They are in your sales pipeline. They are on your list. If you are “annoying” them, they can click that link at the bottom of the emails and unsubscribe.
But I’ve never had that happen once because they’ve obviously taken some time to want to learn more about what I can do for them. If we had a call, then it’s even more apparent that they want more from me.
At that point, I’m really trying to add more value to help them make a better buying decision.
At the very least, if you feel that you are bugging someone, remember this. There’s the unsubscribe link at the bottom of every email going from your ConvertKit account, your MailChimp account, your Aweber account, whatever platform you use.
So if you have a sequence setup, you don’t even have to worry about the sending, it’s done for you.
Above all else, if a lead responds negatively to you providing them a follow-up sequence that’s helpful, answers questions, and positions you as an expert in your field, then are they going to respect your experience and expertise during the project? I’d bet not. Better to find that out now, rather than later.
Start a Freelance Business
More episodes in this topic:
What are the costs involved in becoming a freelancer?
Is the income from freelancing reliable?
What payment structure should I do?
How do you build a good freelancing profile in the field of web development considering the competition?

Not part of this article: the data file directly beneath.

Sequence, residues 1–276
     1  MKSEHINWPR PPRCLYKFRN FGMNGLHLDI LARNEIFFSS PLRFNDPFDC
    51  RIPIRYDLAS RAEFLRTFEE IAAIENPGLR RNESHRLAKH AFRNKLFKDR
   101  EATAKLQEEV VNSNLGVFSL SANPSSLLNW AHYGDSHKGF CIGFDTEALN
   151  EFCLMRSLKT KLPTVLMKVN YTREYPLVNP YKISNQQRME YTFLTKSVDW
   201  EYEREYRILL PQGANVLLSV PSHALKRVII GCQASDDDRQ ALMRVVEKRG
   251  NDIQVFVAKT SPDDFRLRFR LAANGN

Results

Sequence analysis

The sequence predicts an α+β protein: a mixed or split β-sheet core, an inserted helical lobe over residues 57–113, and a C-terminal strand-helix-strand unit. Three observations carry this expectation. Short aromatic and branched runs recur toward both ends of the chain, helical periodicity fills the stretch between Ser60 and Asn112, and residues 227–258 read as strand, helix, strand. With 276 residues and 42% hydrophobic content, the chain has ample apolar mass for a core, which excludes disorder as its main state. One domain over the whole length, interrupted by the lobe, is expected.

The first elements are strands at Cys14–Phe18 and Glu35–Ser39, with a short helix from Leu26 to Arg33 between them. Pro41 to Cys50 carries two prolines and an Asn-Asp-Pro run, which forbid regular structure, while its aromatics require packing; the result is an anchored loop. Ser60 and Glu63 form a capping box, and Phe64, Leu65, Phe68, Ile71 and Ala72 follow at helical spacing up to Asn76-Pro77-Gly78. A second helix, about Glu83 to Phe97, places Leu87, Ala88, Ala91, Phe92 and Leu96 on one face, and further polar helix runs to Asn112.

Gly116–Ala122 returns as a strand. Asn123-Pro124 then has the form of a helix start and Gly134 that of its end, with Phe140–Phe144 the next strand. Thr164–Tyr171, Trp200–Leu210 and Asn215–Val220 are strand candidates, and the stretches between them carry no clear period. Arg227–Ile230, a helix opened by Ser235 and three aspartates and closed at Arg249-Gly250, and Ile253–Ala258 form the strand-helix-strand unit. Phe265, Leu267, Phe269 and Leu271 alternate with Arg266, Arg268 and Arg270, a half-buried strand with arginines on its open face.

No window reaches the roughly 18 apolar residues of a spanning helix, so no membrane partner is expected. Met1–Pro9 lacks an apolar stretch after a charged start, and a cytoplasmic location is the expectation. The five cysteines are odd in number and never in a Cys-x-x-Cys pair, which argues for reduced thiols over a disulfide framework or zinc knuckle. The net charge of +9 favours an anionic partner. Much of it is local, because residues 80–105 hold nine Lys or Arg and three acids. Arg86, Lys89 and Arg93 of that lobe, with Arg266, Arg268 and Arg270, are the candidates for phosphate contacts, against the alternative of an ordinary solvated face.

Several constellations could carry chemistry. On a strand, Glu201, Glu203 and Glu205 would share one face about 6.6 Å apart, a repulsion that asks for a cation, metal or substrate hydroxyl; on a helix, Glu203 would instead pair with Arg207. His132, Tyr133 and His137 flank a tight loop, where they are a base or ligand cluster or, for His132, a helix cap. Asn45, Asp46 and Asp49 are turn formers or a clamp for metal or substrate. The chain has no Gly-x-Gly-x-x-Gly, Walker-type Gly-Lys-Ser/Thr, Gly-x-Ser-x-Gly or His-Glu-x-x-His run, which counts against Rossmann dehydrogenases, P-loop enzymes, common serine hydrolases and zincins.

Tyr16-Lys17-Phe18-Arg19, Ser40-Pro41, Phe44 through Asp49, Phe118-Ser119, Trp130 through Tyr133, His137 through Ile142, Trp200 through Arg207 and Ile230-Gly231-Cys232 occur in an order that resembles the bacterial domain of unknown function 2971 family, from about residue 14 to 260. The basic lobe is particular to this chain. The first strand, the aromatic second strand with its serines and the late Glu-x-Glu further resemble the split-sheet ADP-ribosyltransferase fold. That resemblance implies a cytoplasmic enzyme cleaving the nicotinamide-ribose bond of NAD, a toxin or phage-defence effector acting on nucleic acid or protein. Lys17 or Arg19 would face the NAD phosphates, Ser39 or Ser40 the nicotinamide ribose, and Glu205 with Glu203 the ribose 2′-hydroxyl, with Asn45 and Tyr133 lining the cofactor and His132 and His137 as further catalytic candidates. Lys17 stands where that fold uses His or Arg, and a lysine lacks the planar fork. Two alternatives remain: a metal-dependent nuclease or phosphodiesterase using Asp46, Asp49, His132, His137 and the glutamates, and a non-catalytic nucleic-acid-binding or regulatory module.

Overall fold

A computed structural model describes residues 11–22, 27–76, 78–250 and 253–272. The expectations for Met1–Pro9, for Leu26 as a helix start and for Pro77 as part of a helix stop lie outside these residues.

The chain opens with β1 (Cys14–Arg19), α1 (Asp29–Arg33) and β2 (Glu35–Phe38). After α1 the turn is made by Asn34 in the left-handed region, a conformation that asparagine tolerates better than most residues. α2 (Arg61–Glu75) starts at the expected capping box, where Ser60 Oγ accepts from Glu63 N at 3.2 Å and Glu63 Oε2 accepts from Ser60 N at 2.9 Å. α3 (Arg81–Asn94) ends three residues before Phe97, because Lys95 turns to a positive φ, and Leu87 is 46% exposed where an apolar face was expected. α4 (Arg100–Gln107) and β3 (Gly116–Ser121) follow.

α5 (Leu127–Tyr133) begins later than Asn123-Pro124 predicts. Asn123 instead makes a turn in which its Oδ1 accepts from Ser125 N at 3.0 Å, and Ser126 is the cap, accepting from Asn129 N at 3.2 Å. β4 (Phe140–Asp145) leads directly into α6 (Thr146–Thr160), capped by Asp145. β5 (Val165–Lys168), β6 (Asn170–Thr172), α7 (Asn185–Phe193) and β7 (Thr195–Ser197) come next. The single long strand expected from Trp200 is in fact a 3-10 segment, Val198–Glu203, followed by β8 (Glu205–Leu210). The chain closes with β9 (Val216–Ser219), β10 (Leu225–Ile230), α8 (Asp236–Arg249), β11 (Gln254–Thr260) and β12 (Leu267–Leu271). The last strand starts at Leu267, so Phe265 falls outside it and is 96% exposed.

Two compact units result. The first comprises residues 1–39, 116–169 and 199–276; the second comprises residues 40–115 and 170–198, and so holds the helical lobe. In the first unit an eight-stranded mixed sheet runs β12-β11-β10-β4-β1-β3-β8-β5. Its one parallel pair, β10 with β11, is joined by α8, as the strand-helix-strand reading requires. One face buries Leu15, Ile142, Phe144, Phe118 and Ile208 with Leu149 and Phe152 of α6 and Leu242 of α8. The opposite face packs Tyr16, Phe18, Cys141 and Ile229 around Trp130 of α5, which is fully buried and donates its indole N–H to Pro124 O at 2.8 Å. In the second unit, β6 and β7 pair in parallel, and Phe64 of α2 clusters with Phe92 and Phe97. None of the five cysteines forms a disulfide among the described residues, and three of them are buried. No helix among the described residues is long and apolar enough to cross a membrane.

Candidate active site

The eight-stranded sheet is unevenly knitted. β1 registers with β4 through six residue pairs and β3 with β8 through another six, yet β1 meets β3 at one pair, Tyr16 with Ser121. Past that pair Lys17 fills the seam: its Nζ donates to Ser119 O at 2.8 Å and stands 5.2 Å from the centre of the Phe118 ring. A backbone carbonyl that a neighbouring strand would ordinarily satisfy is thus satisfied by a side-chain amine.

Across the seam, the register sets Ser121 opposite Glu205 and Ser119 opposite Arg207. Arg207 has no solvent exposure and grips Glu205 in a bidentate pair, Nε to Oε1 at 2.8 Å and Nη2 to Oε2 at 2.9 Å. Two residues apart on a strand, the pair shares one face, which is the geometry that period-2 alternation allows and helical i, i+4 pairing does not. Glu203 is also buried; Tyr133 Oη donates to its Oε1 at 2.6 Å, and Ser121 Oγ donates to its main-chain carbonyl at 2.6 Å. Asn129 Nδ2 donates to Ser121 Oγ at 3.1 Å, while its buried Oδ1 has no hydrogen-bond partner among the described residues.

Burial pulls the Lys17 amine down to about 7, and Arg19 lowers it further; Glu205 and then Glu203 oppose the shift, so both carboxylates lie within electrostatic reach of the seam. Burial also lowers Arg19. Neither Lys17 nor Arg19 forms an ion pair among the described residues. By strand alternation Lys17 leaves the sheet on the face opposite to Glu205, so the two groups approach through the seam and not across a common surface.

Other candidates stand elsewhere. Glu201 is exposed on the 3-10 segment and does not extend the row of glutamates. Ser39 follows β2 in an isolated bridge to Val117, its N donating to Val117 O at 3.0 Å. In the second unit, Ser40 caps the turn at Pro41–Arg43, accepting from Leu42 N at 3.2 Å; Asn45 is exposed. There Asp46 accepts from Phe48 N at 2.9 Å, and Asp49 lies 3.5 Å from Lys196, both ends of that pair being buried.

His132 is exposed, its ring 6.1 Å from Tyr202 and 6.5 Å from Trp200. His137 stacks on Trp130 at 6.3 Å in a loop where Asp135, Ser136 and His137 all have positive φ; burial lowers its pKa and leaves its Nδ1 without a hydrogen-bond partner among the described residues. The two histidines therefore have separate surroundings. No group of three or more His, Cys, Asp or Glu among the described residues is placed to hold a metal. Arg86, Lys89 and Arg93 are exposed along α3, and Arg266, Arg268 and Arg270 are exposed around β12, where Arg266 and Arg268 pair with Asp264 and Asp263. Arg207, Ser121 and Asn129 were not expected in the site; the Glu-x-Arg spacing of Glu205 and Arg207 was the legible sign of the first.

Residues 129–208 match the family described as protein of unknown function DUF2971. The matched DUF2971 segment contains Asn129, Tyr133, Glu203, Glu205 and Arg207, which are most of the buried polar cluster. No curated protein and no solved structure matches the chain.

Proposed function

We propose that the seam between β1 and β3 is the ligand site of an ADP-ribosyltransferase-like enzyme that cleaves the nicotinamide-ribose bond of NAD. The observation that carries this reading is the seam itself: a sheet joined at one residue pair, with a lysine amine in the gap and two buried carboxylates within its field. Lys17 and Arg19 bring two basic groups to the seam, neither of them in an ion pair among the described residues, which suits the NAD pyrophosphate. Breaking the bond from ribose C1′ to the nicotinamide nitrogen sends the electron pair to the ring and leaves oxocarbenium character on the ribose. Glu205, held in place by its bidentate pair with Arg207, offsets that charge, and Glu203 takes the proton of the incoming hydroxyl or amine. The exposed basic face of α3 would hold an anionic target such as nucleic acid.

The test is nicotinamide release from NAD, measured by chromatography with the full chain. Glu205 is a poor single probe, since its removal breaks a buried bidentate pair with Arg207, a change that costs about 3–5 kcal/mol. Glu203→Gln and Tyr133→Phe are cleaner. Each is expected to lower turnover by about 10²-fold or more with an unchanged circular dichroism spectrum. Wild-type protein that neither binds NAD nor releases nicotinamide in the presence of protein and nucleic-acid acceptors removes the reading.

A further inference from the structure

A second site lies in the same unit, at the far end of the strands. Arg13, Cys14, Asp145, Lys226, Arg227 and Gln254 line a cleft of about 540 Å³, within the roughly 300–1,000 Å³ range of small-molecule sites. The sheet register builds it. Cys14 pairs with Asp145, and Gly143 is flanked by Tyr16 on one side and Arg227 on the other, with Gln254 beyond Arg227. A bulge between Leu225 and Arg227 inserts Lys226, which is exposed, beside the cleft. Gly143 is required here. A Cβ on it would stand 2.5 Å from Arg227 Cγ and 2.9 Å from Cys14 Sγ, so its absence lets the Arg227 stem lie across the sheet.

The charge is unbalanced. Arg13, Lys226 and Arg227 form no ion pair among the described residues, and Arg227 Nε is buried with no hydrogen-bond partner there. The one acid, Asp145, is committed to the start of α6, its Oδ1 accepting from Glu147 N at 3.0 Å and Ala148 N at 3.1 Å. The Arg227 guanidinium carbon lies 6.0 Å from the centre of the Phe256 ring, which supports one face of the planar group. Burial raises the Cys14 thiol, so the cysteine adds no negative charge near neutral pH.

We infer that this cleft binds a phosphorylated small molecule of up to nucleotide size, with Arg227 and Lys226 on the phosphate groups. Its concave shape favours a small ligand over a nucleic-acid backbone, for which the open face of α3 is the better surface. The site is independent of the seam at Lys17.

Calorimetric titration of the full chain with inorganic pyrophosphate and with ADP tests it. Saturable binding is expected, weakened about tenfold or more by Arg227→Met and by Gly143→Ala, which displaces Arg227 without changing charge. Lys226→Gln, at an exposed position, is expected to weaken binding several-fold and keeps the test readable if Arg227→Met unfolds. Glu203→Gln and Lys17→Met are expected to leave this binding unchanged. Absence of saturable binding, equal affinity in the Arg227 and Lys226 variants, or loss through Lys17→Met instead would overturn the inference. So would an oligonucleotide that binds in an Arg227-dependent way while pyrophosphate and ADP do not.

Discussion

What are skills you can learn fast and have high freelancer value?
How to start freelancing?
Should you do free work to build a portfolio?
What is freelance?
How can I start freelancing without experience?
What does it take to be a freelancer?
Why did you start freelancing?
What is the very first step to work as a freelancer?
How do you set the boundary of work you do and work you don't do?
What are your client red flags?
What should you be able to create as a web developer before starting in your freelance career?
When starting out freelance, should I just be a generalist to get my feet wet, or should I go for that niche?
As a developer, should I throw my projects on Github or build a site from scratch to grab attention?
What can I use for social proof when starting as a freelancer?
How can I start freelancing as a web developer?
Should I use my name or create a business name when starting?
Should I call myself a “freelancer” (definitive answer)?
Why should you not be a freelancer?
How do you collect online payments as a freelancer
How much money do I need to make?
Why is hourly billing bad?
Why is hourly billing good?
What are the biggest mistakes a freelancer can make?
How to adapt and change to the WordPress climate?
How to budget as a freelancer?
What is your marketing plan?
What is your sales process?
What do you do to position yourself as an expert to leads?
How do you balance your time for sales and marketing?
How do you get high-quality clients?
Should I offer my services as a web designer/developer or specialize first?
What do you do again?
What is the best freelancing website?
What do you do for a follow-up sequence for leads?
How to attract clients with big budgets?
How not to be annoying in sales?
How do you convince someone to sign a contract?
What to say when a client is late on a payment?
Best of Season 3 - Get out of the comfort zone
Best of Season 3 - Building Relationships
S06 E12 - Undercharging, Targeting the Wrong Audience, and What You Should Do About It with Alex McClafferty
S03 Bonus - Tom McFarlin on Blogging, Balancing Work and Family, and Building a Business that Lasts
S09 E11 - Differentiation, Reputation, and Pivoting From the Top-Down with Peep Laja
S01 E11 - Kai Davis helping freelancers get more clients with outreach